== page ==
U.S. President Donald Trump and Uzbekistan's reformist leader, President Shavkat Mirziyoyev, met Wednesday at the White House, with security in central Asia, the fight against terrorism, trade deals and human rights in Uzbekistan high on the agenda.
Mirziyoyev, in power for 20 months after the death of his country's long-time autocrat, Islam Karimov, is talking with Trump in the Oval Office and then over lunch, part of his three-day visit to the United States for meetings with other American officials and leaders at the World Bank.
The 60-year-old Uzbek leader wants to attract more American corporate investment in his predominantly Muslim country of 32 million people. Ahead of Mirziyoyev's meeting with Trump, White House officials said Uzbek officials signed 20 business deals worth $4.8 billion, enough to support more than 10,000 American jobs.
Senior White House officials said that Uzbekistan, a one-time Soviet republic, has "played an important role over the past several years" in helping to sustain U.S. military operations in neighboring Afghanistan but that the U.S. is not looking to base American forces in Uzbekistan.
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A senior Trump administration official, briefing reporters a day ahead of Trump's talks with Mirziyoyev, said the U.S. wants to "see how we can improve cooperation against common terrorist threats," which the official described as "critical in securing America and our friends in the region."
The official said the U.S. wants greater economic ties with Uzbekistan, saying that "securing market access to a young and growing regional population opens business opportunities" for American companies.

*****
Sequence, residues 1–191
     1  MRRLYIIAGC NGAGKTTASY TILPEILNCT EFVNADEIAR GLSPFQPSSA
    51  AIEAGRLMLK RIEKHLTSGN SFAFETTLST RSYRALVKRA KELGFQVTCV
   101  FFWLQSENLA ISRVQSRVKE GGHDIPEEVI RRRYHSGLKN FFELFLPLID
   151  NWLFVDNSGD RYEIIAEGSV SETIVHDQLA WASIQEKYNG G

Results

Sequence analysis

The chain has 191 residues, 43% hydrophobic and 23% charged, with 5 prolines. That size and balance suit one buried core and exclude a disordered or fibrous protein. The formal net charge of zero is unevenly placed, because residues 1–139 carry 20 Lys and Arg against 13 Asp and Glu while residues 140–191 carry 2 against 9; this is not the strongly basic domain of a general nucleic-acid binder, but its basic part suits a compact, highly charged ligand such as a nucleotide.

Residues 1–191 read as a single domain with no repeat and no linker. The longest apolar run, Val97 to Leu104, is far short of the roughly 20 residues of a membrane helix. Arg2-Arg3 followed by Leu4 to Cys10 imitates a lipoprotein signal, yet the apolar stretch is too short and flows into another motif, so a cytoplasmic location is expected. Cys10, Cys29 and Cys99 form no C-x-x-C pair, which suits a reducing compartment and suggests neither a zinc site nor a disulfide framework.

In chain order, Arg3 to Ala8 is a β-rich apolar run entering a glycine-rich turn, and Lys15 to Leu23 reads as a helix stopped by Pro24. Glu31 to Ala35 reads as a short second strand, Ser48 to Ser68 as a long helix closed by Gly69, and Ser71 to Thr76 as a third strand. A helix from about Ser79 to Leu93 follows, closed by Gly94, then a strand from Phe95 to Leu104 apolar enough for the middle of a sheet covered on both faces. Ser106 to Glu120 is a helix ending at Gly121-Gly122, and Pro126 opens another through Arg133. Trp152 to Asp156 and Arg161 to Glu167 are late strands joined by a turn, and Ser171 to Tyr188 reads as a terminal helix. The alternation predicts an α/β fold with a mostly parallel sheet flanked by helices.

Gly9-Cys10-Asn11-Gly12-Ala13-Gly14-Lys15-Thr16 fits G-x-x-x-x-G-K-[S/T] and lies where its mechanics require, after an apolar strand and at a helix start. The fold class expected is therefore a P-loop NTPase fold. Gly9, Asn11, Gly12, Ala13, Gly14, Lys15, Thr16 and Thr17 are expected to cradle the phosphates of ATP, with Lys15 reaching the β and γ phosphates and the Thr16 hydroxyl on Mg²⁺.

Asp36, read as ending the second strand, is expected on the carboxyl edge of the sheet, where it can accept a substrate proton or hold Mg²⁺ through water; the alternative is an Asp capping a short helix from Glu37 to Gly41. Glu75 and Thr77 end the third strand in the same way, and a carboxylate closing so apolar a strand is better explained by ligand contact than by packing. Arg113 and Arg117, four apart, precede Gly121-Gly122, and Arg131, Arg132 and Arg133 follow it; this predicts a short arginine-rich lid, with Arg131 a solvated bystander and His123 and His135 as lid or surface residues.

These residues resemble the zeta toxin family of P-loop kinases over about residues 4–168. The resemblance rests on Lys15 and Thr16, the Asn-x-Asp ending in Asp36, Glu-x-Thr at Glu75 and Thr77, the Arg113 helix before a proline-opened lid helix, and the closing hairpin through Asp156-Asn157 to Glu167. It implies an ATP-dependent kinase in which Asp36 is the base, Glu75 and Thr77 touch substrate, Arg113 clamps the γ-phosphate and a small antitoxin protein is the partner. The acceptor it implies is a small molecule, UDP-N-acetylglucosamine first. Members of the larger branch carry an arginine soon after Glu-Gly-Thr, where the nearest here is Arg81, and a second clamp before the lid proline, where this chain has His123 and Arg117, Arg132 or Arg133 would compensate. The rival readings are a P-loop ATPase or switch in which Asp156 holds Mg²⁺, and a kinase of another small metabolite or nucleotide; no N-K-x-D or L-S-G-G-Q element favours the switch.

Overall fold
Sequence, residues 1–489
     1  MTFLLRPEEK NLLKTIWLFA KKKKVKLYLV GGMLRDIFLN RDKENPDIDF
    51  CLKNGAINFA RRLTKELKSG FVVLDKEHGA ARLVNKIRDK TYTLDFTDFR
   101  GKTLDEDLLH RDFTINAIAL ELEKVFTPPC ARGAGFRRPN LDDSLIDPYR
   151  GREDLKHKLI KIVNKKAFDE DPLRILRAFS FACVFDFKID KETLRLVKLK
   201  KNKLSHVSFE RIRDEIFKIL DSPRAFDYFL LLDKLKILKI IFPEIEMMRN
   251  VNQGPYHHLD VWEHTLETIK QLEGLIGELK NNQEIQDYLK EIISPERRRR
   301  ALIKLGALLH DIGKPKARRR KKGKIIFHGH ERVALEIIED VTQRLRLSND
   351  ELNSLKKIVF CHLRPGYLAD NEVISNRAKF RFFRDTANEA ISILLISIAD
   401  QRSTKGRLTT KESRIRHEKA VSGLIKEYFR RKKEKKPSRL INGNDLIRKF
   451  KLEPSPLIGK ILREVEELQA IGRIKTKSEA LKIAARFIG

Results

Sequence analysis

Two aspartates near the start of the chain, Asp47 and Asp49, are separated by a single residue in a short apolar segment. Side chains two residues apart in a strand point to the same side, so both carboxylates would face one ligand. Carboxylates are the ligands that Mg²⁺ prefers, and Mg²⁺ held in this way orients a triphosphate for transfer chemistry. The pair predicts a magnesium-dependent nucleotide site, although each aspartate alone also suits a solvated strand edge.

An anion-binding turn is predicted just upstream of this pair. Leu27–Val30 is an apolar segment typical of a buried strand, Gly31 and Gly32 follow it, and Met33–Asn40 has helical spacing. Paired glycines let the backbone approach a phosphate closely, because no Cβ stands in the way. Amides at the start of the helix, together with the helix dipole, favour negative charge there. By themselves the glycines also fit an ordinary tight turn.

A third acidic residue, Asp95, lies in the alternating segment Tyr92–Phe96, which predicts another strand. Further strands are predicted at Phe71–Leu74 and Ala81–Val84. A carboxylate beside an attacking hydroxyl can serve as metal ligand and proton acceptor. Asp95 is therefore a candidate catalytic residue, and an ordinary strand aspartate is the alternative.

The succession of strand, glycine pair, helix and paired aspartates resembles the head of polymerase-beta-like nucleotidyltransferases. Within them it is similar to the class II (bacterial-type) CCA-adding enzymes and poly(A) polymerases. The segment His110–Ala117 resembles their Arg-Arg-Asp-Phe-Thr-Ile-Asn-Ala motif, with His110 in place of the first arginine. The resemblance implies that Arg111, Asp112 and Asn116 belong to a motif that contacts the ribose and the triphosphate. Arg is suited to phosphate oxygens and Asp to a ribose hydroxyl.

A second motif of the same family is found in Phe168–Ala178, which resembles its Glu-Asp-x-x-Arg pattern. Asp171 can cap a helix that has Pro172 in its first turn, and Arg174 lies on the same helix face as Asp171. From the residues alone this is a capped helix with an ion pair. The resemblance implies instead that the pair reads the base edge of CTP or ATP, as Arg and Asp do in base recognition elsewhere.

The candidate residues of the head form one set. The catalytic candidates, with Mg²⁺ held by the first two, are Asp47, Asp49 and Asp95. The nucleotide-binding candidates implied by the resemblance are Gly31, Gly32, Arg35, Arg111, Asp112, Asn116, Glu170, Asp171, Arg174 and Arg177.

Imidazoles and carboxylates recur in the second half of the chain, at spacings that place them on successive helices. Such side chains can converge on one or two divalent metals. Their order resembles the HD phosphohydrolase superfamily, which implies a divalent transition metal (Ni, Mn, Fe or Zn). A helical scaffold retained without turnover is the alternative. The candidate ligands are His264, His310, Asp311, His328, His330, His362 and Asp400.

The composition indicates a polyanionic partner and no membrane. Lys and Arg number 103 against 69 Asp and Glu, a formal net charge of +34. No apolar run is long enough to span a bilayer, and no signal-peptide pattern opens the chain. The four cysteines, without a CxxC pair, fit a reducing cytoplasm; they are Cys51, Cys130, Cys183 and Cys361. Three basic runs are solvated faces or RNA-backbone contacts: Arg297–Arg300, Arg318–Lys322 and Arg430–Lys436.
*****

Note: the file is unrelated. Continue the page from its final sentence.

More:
The senior White House official said the U.S. welcomes Mirziyoyev's release of prisoners of conscience, curbs on child labor and its recent accreditation of a Voice of America journalist to report news from Uzbekistan.
One of the Trump officials said several memorandums of cooperation between the U.S. and Uzbekistan would be signed related to agriculture, climate change, trade and education.
Kudos from rights groups
Human Rights Watch has credited Mirziyoyev with releasing 28 political prisoners and just days ago freeing Fahriddin Tillaev, an opposition and human rights activist who had been imprisoned for more than four years in what activists said was a politically motivated detention.
Last Sunday, a group of Uzbek human rights activists laid a floral wreath at a statue in the center of Tashkent, the country's capital. It commemorated the 13th anniversary of the massacre of 400 civilians, all of them shot to death by the military during an anti-government protest, allegedly on orders of the late strongman, Karimov.
To Human Rights Watch investigator Steve Swerdlow, that simple act of humanity — the laying of the wreath — shows that change for the better is afoot in Uzbekistan.
"For the first time, they weren't arrested," he said this week in Washington. "This was a significant event from our perspective."
The Trump administration official said the White House is "cautiously optimistic" about events in Uzbekistan.
"This is a window of opportunity," the official said. "We believe it's important to try to work with this government and encourage the kinds of steps that we have been ... so that we can encourage more change, more openness, so that Uzbekistan serves as an example for the rest of the Central Asia region."
Ahead of Mirziyoyev's visit, Javlon Vakhabov, Uzbekistan's ambassador to Washington, told a forum on the state of Uzbek affairs, "There is tremendous landmark change occurring in Uzbekistan, on human rights, good governance and the rule of law."
"Our ultimate goal is a full-fledged democracy, with a robust market economy," he declared. "There is a spirit of change everywhere in Uzbekistan. The country is opening up to the world."
Vakhabov said the country is "now at the beginning of a long journey" toward more freedom, the easing of restrictions on freedom of religion and ending forced child labor.
"We're strongly committed to end torture and other crude and degrading means of punishment," Vakhabov said.